Bev Koski “Striped Robe in Blues, 1979” (2018); Beads and thread; 8.89 x 8.89 x 8.89 cm. Image courtesy of the artist
October10, 2018– May26,2019
ARTISTS: Bev Koski, Katie Longboat, Jean Marshall, Olivia Whetung
GUEST CURATOR: Lisa Myers
OPENING RECEPTION: Wednesday October 10 | 6:00 – 7:30pm
Artists will be present, all are welcome
The Textile Museum of Canada is pleased to present Beads, they’re sewn so tight, a new exhibition of work by four contemporary artists who innovate in the field of beading and quillwork, guest curated by Lisa Myers.
In beadwork, threads create structure and hold beads together, creating a seemingly invisible scaffold. As metaphor and as material, they unite form, design, and meaning. Beads, they’re sewn so tight examines social and political relations embedded in the visual language of pattern and surface design, including living traditions with an emphasis on family and community networks.
Beads, they’re sewn so tight features over 40 beaded works by Bev Koski, Katie Longboat, Jean Marshall, and Olivia Whetung, many of which will be shown here for the first time. From weaving to loom–work and embroidery, their artwork threads together formal aspects of artmaking such as colour and composition with critical issues such as language retention, stereotypes, and social and environmental injustices for Indigenous people.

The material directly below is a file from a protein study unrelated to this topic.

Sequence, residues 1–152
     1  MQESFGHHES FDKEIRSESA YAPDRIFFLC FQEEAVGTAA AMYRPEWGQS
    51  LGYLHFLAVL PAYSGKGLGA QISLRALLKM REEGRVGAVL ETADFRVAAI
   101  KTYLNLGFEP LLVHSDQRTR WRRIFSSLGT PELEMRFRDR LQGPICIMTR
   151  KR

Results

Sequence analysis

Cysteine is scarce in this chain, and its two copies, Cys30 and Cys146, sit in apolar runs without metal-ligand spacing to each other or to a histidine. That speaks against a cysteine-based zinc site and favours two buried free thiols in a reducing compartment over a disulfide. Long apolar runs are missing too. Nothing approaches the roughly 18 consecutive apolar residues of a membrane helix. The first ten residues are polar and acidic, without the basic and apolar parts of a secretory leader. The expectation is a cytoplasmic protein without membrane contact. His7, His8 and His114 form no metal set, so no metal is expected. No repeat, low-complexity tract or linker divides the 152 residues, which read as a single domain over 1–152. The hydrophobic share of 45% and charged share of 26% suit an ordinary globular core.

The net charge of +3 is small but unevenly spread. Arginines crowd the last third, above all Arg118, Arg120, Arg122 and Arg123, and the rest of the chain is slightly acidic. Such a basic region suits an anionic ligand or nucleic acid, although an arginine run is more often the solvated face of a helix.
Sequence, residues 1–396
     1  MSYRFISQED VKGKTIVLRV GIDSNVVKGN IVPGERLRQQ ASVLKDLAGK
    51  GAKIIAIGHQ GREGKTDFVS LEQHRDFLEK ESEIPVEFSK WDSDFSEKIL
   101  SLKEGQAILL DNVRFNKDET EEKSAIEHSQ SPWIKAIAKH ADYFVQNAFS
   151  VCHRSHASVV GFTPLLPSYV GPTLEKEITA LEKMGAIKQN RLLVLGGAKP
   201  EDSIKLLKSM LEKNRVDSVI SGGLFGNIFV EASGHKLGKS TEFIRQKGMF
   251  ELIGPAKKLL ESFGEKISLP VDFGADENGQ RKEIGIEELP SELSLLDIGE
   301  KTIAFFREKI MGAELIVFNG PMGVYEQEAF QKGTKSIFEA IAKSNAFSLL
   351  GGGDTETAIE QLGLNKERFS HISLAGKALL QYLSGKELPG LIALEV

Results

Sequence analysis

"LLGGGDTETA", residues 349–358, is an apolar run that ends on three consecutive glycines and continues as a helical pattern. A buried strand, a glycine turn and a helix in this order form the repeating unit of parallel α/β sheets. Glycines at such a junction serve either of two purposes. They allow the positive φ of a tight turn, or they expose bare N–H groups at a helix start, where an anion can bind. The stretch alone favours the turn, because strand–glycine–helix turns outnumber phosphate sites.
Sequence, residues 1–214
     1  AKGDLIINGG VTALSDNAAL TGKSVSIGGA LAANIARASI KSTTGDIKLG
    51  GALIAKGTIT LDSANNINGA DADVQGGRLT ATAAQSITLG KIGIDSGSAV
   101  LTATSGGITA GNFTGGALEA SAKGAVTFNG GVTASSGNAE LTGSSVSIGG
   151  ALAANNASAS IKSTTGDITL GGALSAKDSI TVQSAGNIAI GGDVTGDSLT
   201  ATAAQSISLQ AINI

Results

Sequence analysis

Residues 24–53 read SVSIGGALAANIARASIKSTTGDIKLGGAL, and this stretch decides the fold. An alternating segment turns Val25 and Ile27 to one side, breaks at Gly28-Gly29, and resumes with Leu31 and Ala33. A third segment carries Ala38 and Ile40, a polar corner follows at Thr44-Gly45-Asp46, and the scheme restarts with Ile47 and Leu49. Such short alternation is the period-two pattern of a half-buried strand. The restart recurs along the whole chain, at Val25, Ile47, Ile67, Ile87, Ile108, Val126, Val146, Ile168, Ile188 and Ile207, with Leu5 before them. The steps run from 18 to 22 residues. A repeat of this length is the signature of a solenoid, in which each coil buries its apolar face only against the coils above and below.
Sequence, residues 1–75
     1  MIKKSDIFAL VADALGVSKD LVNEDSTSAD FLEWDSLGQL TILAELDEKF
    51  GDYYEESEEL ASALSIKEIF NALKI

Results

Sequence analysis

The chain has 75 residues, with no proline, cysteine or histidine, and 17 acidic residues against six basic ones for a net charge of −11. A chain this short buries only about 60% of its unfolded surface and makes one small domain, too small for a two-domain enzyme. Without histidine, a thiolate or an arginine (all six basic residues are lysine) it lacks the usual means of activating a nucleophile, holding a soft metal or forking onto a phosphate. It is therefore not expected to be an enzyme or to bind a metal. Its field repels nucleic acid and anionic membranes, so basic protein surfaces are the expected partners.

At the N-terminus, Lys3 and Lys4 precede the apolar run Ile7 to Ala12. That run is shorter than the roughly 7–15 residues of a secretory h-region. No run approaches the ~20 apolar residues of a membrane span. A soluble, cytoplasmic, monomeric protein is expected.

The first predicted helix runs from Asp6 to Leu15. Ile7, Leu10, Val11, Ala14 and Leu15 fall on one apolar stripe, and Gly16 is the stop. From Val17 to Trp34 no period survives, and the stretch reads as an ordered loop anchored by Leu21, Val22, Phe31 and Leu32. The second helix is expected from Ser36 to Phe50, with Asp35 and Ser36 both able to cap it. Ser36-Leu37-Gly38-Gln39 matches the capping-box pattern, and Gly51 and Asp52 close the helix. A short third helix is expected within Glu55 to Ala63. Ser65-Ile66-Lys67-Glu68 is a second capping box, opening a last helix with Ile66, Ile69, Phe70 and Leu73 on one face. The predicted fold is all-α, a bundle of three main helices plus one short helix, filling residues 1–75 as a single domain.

“I see these artists as not merely using beadwork in their art practices but building on the technique and knowledge of beading and quillwork,” said Myers. “They have each honed different beading techniques, working meticulously to convey meaning through work that’s conceptually driven.”
Bev Koski’s new beaded series consists of swatches of modernist abstract patterns found in day–to–day life, from product packaging to family photographs. Pattern is also a focus of Katie Longboat’s study of her Cree grandmother’s bead designs, which inform her experimentation with Cree floral design and Haudenosaunee raised beadwork. Jean Marshall’s floral beaded mittens and quill-adorned moccasins are arranged in a circle, suggesting the gathering of Treaty #9 leaders to contend with economic development and environmental degradation. Oliva Whetung’s loom works highlight both the presence and absence of beads, asserting a visual vocabulary of place.
“This exhibition comes at a moment when so much is happening. Indigenous artists and makers have an active and critical art scene here in Toronto. This is an opportunity to continue to create space for Indigenous artists and curators in a museum context,” said Myers.
Beads, they’re sewn so tight is organized by the Textile Museum of Canada and is generously supported by the Ontario Arts Council and presenting sponsor BMO Financial Group.
About the Artists